Radiology, such as X-ray imaging, can help doctors detect specific structural changes to your joints that may indicate psoriatic arthritis (PsA). They may also use other imaging, such as MRI, to detect inflammation.

Imaging, including radiology, plays an important role in allowing doctors to diagnose PsA and distinguish it from other joint conditions. It can also help doctors see the extent of your joint damage and track how the disease progresses.

Doctors often use X-rays as the first type of imaging to diagnose PsA, but you may also receive:

  • ultrasound
  • MRI
  • CT scans

This article examines the role that imaging plays in diagnosing and tracking PsA.

Peripheral vs. axial PsA

Doctors often classify PsA as peripheral or axial depending on which joints the condition affects.

Peripheral disease affects the joints in your extremities, like your hands or feet. Axial disease affects your spinal cord. Some people have both types.

Peripheral PsA is more common, but 25–70% of people also have spinal cord involvement.

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X-ray image of hands with showing signs of psoriatic arthritisShare on Pinterest
Hand X-rays can show signs of psoriatic arthritis, such as bone erosion and the “pencil-in-cup” deformity.
Copyright © 2015 The Korean Dermatological Association and The Korean Society for Investigative Dermatology CC BY-NC 3.0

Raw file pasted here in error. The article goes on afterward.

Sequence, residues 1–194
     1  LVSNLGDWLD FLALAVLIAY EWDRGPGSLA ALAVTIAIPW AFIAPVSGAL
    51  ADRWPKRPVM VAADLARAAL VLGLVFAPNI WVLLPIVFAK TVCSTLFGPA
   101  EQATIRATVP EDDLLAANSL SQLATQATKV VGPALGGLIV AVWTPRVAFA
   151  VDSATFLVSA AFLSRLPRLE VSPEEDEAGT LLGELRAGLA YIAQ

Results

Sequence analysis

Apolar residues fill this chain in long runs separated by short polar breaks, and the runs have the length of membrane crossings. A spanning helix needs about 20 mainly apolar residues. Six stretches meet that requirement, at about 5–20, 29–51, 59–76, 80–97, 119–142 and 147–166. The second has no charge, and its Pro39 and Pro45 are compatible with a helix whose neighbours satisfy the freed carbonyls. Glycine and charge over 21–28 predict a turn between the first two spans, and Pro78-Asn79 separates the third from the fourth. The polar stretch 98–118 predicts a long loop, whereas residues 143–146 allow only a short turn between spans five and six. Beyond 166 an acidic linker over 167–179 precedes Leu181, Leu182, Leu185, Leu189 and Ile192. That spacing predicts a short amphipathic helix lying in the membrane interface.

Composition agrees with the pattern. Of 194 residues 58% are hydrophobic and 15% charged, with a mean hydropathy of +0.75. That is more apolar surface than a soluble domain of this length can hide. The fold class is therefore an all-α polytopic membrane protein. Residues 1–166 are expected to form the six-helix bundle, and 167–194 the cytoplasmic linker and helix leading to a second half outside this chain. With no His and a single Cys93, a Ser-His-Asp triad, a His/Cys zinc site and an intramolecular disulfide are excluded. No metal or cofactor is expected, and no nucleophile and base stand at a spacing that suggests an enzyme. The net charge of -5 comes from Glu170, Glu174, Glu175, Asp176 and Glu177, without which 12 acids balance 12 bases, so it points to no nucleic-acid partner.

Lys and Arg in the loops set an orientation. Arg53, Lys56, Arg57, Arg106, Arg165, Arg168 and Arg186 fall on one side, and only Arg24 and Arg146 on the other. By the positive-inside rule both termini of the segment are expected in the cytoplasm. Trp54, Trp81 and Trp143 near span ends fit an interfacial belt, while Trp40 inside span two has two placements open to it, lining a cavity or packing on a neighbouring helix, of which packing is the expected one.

X-rays are the most performed imaging technique for PsA. They create an image of your joints by passing a small amount of radiation through your body.

Around one-quarter of people with early PsA have joint damage that shows up on X-rays, and about half of people have visible damage within 2 years, according to a notable 2003 study.

X-rays are advantageous because they’re:

  • fast
  • relatively inexpensive
  • reliable
  • widely available

Doctors can use X-rays to identify structural damage to your joints, such as:

X-rays require exposure to a small amount of radiation. For this reason, doctors may prefer MRI for spinal cord evaluation in children and young adults.

Axial PsA

Changes to your spine visible on an X-ray include:

  • new bone formation
  • changes to multiple levels of your spine
  • joint changes on one side, which highly suggests PsA
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CT scans can help doctors detect signs of psoriatic arthritis like bone erosion and structural changes, especially in areas like the shoulder, spine, or pelvis.
Crespo-Rodríguez, A.M., Sanz Sanz, J., Freites, D. et al. Role of diagnostic imaging in psoriatic arthritis: how, when, and why. Insights Imaging 12. CC BY 4.0

A CT scan is a series of X-rays that produces a 3D image of your joint.

CT scans are great for seeing:

  • bone erosions
  • new bone formation
  • joint space changes

The role of CT scans in diagnosing PsA is usually limited to people who can’t receive MRI. This is because CT scans can’t detect active inflammation and require exposure to higher amounts of radiation than plain X-rays.

CT scans might be helpful in complex and difficult joints such as the: